Monday, December 4, 2017

Book of the Week: A Different Pond



A Different Pond

by Bao Phi
Illustrated by Thi Bui
Published by Capstone, 2017
32 pages
ISBN: 978-1623708030
Ages 6-9


A Vietnamese American boy’s predawn fishing outing with his dad is the subject of a narrative shaped by an exquisite accounting of details. So much beyond the action is conveyed through beautifully weighted sentences (“I feel the bag of minnows move. They swim like silver arrows in my hand.”): The specific experience of this immigrant child (“A kid at my school says my dad’s English sounds like a thick, dirty river. But to me his English sounds like gentle rain.”); a hard-working family’s economic hardship (“‘If you got another job why do we still have to fish for food?’ I ask. ‘Everything in America costs a lot of money,’ he explains. I feel callouses on his hand when he squeezes mine.”); bittersweet memory as the boy’s dad recalls fishing at a similar pond as a child in Vietnam with his brother, who died during the war. And running through it all is the boy’s happiness in their time together, a pleasure that extends feelings about his entire family when they gather at day’s end. The evocative art masterfully and movingly conveys details of character, setting, and action while superbly reflecting the warmth and intimacy of the story. At volume’s end, both the author and illustrator share memories of growing up in Vietnamese families that came to the United States when they were children. ©2017 Cooperative Children’s Book Center

Monday, November 27, 2017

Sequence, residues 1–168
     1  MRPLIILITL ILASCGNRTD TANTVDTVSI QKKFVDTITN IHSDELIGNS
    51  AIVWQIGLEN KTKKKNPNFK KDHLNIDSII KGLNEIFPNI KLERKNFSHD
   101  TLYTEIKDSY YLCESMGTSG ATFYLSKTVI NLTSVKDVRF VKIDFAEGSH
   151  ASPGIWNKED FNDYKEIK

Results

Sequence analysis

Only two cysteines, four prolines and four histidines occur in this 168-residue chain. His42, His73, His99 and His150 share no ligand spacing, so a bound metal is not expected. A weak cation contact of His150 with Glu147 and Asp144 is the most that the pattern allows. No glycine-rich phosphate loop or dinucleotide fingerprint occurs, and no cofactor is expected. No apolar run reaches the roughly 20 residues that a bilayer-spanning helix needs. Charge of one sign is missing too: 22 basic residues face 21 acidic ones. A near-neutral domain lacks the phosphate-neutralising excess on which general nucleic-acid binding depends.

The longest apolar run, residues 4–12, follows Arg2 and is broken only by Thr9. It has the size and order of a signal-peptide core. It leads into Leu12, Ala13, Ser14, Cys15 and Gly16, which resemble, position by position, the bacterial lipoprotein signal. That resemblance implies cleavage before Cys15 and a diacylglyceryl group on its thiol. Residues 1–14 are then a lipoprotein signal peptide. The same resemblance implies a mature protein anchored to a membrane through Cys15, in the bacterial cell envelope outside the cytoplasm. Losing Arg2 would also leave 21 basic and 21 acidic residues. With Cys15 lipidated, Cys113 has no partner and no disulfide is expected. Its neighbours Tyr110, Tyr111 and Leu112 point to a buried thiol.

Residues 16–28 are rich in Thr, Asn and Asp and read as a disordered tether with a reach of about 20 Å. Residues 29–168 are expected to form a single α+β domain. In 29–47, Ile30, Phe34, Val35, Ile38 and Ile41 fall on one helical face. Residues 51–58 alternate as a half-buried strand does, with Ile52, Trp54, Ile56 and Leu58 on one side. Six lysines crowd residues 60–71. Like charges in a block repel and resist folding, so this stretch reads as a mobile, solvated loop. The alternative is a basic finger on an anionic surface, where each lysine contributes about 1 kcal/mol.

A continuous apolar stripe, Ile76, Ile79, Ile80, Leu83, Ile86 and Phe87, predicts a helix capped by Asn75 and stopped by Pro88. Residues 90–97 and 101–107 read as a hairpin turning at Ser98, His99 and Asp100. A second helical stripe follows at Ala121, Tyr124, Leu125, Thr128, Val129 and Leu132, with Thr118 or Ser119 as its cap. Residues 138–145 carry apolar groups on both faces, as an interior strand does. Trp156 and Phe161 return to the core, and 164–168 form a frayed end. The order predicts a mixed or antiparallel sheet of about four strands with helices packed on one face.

Book of the Week: Long Way Down



Long Way Down

by Jason Reynolds
Published by Caitlyn Dlouhy Books / Atheneum, 2017
320 pages
ISBN: 978-1-4814-3825-4
Age 11 and older


Will learned “The Rules” from his older brother, Shawn. No. 1: No crying. No. 2: No snitching. No. 3: Get revenge. When Shawn is shot and killed, Will’s grief is trapped behind a wall of unshed tears. He’s sure he knows who did it: Riggs. And of course he won’t tell the police. Using the gun Shawn kept in his middle drawer, the gun he was never supposed to touch, Will leaves his 8th floor apartment the morning after Shawn’s death. He gets on the elevator at 9:08:02 a.m. Over the next 67 seconds and 234 pages of this taut, tightly paced novel in verse, different rules are broken: the rule in which no one talks on the elevator; and rules of life and death, space and time. On every floor as Will descends someone impossible gets on the elevator. Will knows each one of them, and their conversations—with him, with one another—explore the strange, unreliable honor of The Rules and reveals the cycle of violence they perpetuate. And now it’s Will’s turn to put The Rules into play, to shoot Riggs for killing Shawn. Isn’t it? The final two words of this novel are explosive, inviting discussion about what comes next, but it’s the entirety of Will’s reality-bending, expansive 67-second descent that makes it possible to wonder. ©2017 Cooperative Children’s Book Center